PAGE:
Making things yourself can be both satisfying and cost-effective. As you run out of things that you normally buy, challenge yourself to come up with a homemade replacement. You'll be amazed at how easy it is to make many of the products that you're used to buying.
Here are 16 things to consider making yourself.
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Commercial beauty products are expensive and full of questionable ingredients, so start making your own. Lip balm, lotion, shampoo—they're all a cinch to make at home. Pick and choose the ingredients according to your unique needs. Then, customize finished products with your favorite fragrance.
Hang on to your empty store-bought containers, and refill them with your homemade products. Even lip balm and deodorant tubes can be washed and refilled. Just be sure to relabel the containers, so you remember what's inside.
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Round up all the leftovers from the candles you've burned (those hunks of unmelted wax and almost-empty containers), and use them to make your own candles.
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Stop lugging home overpriced cleaning products, and start making your own. If you keep a few basic ingredients, like vinegar and baking soda on hand, there's no mess you can't tackle.Continue to 5 of 16 below.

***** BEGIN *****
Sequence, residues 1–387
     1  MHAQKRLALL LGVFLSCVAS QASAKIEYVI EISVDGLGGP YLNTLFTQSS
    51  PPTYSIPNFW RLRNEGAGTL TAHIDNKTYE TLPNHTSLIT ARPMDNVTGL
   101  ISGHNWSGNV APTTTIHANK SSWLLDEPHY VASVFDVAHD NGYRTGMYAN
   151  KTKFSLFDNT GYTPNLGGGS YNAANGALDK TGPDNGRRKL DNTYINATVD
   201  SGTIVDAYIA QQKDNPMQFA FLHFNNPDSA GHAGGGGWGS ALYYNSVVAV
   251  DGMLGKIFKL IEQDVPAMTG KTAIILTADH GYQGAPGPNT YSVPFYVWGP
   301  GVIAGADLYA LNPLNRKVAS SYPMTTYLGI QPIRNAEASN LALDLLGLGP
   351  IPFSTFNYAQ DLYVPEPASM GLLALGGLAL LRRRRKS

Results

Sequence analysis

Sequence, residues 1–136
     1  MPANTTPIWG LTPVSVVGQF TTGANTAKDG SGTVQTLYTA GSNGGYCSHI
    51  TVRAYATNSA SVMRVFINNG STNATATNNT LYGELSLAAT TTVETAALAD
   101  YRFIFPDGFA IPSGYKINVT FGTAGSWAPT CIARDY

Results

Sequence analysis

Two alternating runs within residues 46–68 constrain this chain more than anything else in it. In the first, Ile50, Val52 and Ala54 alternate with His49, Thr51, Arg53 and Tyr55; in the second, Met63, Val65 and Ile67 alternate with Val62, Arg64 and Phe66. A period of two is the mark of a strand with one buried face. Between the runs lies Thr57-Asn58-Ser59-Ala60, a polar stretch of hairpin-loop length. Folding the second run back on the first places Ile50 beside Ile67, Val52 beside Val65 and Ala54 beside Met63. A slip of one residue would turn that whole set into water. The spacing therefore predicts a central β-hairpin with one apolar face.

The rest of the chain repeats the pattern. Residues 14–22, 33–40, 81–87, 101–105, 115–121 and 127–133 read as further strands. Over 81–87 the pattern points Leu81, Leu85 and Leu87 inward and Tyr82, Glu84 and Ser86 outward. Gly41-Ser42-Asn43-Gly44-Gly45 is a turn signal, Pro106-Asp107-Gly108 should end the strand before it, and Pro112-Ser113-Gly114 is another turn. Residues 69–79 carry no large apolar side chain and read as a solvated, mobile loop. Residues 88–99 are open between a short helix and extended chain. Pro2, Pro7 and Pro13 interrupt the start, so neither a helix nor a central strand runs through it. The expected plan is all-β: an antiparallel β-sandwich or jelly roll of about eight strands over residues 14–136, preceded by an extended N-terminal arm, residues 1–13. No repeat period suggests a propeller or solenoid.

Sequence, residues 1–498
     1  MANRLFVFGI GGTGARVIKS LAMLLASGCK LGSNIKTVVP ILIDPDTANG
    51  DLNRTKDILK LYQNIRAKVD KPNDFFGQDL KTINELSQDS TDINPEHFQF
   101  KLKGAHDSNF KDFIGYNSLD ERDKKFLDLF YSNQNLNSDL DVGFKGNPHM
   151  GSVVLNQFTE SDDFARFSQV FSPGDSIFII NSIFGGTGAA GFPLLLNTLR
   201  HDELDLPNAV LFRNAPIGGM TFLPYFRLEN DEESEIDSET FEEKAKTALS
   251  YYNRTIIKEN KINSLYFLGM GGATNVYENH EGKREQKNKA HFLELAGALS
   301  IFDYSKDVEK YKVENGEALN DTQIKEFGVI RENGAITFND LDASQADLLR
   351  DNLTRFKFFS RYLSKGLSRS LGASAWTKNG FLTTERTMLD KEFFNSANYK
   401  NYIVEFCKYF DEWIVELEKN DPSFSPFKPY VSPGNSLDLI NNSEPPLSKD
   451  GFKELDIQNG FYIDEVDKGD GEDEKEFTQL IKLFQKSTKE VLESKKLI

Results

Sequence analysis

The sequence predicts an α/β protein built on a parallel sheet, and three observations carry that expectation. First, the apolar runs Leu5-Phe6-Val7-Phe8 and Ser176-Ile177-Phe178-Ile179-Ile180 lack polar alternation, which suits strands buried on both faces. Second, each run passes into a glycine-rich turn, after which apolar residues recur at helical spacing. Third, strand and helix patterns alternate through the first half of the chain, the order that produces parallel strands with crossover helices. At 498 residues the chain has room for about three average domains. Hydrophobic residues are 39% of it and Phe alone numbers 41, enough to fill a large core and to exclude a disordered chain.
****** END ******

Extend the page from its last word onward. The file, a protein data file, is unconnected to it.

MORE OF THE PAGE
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Homemade applesauce and tomato sauce are so much better than anything you can buy at the store. Load up on apples and tomatoes when they're in season. Then, make enough sauce to last you a year. Think you're too busy to fool with homemade sauce? Just pull out your crockpot, and it'll do most of the work for you.
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Dairy ProductsContinue to 9 of 16 below.
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There's a big difference in price between real and imitation vanilla extract, but that doesn't mean you have to settle for second best. Just grab a bottle and a couple ingredients, and you'll be well on your way to your first bottle of homemade vanilla. You can even make your own non-alcoholic version.
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Gardening SuppliesContinue to 13 of 16 below.
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Crafting is all about making things, so why not make your craft supplies, too? Did you know you can recycle old crayons into new crayons?
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Real broth packs more flavor and nutrients per spoonful than boxed broth. Just toss some veggies and bones in a pot, and you'll be well on your way to your first pot of homemade broth.
On a low-sodium diet? Just scale back or omit the salt to meet your needs. When you make your own broth, you have complete control of the ingredients. You can even make vegetarian broth.
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